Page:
On a recent Tuesday afternoon, the office of an immigrant legal defense service in South Williamsburg was doing its best to keep up with demand. A boy played in the waiting room as his family sought legal aid to help them stay in the country, while 34-year-old Abraham, originally of Mexico City, waited and worried about alarming stories he'd heard about ICE agents cracking down on immigrants in the city.

“Yeah, worried about deportation … that they’ll come to my door. So many things in the news, everywhere they’re looking for people to deport,” Abraham, who declined to give has last name due to his vulnerable situation, said.

Abraham found it difficult to understand why authorities would go after people trying to make a living. “Maybe I understand for criminal people with a felony, but innocent people, people working for their families …“

Despite living in fear of ICE, Abraham is luckier than a lot of other people in the state: Because he lives in New York City, which has more resources, he was able to get help from the legal aid group. In other parts of the state there is a widely acknowledged shortage of qualified, accessible, affordable (or free) immigration attorneys. There are 850,000 unauthorized people living in New York state, according to the Migration Policy Institute, and it’s hard to overstate their desperate need for legal assistance.

“The idea that individuals foreign to this country could navigate that system independently is absurd," Sarah Pierce, Associate Policy Analyst for U.S. Programs at the Migration Policy Institute (MPI), tells Gothamist. Yet, that’s exactly what happens. “A large portion of immigrants in removal proceedings are not represented by attorneys.”

That’s why, in November, when New York Governor Andrew Cuomo vowed to protect the state’s immigrants from the Trump administration—metaphorically offering to sacrifice himself before he’d let a single immigrant get deported—he was widely praised for standing up to the President.

“If there is a move to deport immigrants, I say then start with me!” he declared in the November 20th speech. To back his rhetoric, the Governor also introduced a “first of its kind public-private legal defense fund” to provide immigrants in the state with legal help, regardless of whether or not they’re documented or could pay.

The fund made another appearance in the Governor’s state of the state address, with Cuomo promising to “launch Empire State Immigrant Defense Fund to ensure that all New Yorkers have access to representation and due process, regardless of citizenship status.”

Immigration advocates hoped the Governor would invest substantial state funds into the initiative, but as Gothamist reported this month, there was no mention of the defense fund in the Governor’s budget, suggesting that a large public investment was not forthcoming.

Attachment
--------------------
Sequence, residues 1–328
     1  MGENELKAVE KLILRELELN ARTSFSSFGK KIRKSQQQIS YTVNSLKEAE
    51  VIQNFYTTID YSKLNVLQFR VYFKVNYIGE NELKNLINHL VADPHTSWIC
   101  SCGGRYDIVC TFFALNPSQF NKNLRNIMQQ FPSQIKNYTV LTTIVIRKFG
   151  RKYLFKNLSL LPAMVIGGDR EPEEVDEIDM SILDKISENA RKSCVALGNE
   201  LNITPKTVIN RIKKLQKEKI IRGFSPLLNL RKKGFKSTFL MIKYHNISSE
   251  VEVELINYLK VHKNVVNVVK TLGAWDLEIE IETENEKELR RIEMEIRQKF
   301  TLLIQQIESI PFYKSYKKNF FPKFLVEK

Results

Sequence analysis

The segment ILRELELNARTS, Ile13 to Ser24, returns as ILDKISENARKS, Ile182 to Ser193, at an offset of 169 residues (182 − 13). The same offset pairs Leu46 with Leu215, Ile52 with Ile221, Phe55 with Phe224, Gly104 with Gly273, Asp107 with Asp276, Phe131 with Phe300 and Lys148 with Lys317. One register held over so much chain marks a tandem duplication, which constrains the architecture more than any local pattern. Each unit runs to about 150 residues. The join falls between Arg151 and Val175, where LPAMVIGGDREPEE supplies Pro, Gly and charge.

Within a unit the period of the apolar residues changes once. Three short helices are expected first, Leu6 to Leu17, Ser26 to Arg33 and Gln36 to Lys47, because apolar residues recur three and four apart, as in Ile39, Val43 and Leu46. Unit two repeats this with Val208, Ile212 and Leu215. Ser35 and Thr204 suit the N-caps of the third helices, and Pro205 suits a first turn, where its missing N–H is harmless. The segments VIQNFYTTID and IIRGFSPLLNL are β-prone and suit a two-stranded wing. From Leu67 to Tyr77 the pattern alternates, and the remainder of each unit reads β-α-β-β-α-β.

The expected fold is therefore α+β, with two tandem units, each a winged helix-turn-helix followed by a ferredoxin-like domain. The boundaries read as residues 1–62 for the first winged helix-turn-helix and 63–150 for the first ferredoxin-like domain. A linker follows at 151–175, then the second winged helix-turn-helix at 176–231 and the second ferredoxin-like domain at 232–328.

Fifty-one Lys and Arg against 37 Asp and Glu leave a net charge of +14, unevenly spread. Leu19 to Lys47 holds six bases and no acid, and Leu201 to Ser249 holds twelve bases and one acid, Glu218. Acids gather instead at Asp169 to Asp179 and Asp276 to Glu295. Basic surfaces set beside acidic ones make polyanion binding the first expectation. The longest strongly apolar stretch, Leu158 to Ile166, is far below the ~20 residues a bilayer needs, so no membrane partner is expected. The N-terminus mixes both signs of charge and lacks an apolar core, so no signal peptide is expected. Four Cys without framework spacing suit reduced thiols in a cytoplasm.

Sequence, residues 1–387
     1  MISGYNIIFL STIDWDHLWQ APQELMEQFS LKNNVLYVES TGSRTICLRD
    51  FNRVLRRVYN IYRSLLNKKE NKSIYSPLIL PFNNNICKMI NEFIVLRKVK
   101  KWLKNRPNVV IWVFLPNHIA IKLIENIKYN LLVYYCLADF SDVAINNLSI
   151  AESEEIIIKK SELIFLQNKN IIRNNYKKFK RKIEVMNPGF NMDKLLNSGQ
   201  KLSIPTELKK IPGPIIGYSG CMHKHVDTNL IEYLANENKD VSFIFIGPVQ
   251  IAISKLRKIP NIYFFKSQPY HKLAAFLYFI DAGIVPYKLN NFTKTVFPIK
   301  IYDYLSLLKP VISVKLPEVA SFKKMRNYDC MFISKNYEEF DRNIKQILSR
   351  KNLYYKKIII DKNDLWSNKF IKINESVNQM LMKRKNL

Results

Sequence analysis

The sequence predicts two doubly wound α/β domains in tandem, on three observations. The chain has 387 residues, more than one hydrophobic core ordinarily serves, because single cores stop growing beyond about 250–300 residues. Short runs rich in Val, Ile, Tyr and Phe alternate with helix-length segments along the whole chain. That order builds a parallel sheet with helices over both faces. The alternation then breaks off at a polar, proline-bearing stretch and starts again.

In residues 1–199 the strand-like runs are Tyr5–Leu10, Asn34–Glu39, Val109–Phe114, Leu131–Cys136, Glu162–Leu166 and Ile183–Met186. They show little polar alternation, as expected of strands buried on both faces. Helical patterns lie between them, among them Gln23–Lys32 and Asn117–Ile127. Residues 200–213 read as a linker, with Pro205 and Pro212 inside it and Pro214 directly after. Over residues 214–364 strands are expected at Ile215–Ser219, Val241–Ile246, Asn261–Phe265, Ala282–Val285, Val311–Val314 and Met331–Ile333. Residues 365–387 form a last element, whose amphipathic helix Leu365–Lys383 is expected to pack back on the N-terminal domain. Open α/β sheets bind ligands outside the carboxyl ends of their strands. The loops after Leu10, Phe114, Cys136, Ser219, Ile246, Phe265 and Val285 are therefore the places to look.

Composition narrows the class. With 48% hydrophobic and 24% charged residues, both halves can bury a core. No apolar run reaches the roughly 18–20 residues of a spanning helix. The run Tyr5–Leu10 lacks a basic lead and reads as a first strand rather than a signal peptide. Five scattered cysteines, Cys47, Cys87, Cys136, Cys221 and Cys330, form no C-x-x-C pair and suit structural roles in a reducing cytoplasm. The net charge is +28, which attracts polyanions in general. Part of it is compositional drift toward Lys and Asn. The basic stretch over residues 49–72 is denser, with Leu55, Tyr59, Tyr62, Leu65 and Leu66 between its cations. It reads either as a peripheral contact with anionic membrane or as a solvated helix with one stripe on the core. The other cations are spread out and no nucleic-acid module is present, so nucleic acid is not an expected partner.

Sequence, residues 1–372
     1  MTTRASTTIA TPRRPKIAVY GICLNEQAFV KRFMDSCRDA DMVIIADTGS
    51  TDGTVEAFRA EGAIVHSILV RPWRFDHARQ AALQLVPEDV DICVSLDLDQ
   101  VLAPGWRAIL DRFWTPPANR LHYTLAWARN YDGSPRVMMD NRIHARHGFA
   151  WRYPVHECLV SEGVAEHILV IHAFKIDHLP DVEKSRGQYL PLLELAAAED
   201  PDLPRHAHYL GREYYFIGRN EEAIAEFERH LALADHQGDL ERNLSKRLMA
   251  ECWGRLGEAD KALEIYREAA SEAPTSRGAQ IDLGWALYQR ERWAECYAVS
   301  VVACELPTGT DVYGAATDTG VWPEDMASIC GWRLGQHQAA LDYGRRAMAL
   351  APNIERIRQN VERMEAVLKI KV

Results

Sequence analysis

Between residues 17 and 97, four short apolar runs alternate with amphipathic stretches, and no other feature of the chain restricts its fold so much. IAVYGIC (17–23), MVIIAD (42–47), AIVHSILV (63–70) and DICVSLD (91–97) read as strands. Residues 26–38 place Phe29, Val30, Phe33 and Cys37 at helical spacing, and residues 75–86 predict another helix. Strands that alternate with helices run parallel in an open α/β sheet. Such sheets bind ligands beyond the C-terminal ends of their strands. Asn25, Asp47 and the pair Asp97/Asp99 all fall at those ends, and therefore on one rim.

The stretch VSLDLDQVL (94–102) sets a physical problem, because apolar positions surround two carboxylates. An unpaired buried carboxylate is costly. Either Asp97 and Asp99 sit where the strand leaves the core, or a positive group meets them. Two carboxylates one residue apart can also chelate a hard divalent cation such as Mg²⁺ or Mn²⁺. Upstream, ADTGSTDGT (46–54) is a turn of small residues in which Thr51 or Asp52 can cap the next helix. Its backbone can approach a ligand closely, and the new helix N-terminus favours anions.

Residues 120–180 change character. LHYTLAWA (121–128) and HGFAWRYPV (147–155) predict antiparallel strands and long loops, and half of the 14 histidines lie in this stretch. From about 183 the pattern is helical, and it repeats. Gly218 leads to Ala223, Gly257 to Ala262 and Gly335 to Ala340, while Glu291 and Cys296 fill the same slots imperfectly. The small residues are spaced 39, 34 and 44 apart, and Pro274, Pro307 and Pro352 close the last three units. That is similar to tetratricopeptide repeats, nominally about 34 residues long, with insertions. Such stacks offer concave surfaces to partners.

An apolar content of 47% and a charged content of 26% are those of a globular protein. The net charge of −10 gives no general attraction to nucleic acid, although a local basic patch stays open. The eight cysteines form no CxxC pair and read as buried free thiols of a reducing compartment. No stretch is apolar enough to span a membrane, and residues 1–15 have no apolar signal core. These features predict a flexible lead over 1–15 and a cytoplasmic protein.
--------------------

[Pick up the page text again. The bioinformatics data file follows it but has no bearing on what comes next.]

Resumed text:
On Friday, the administration finally unveiled the program, now called the Liberty Defense Fund. According to the press release, the initiative would spend “more than $1 Million” in “Public and Private investment” to “provide services to meet the urgent legal needs” of New York immigrants. In fact, the program is budgeted at $1 million and the money comes from two private foundations, the Carnegie Corporation of New York and the Ford Foundation.

The Fund will work with some 182 “advocacy organizations and legal entities,” according to the announcement “to provide pro bono legal and additional resources for immigrants threatened by recent changes in immigration policies.”

At present, there will be no large public funds directed exclusively towards the program—the “public-private” set-up refers to the fact that the foundation money will be administered by the state’s Office for New Americans. (A Cuomo administration spokesperson confirmed that “It’s all private funds administered by the state. There are no taxpayer dollars being used at this time.”)

Estimates from advocates and immigration experts vary on how much it would take to really cover the legal costs of immigrants facing deportation, but tend to exceed $1 million dollars—and private foundation money is not guaranteed to last. The New York Immigrant Coalition, which has officially partnered with the Governor’s office, said the state needed to invest at least $15 million to meet demand. Make the Road New York estimates that $19.1 million is needed to supply immigrants with adequate legal services.

As Crain’s pointed out, public investment in immigrant defense is hardly unprecedented, with Los Angeles County allocating $3 million dollars in public funds to a public-private partnership, and the state of California considering a $12 million investment in an immigrant fund.

“It’s a drop in the bucket,” says Stephen Yale-Loehr, an immigration professor at Cornell, of Albany’s plan. “It’s a good first step, but we have a long way to go towards legal representation at all immigrant proceedings.” Yale-Loehr says there are worthwhile elements in the program, like a “know-your-rights” campaign that would send volunteer lawyers around the state. But advocates hoped for more.

The New York Immigration Coalition, listed as an official partner of the Liberty Defense Fund, issued a scathing critique of the lack of public funds in a press release, noting, "There looks like there’s not a single public dollar that goes to legal defense, which stands in sharp contrast to other states that are leading the way against the anti-immigrant onslaught from the federal government. It’s simply not enough to rally private law-firms and foundation support: this project will not succeed without significant public investment.”

Steve Choi, executive director of NYIC, tells Gothamist that the group will continue to work with the Governor to implement the program and make sure it succeeds: "We will also continue to fight hard for a major public investment."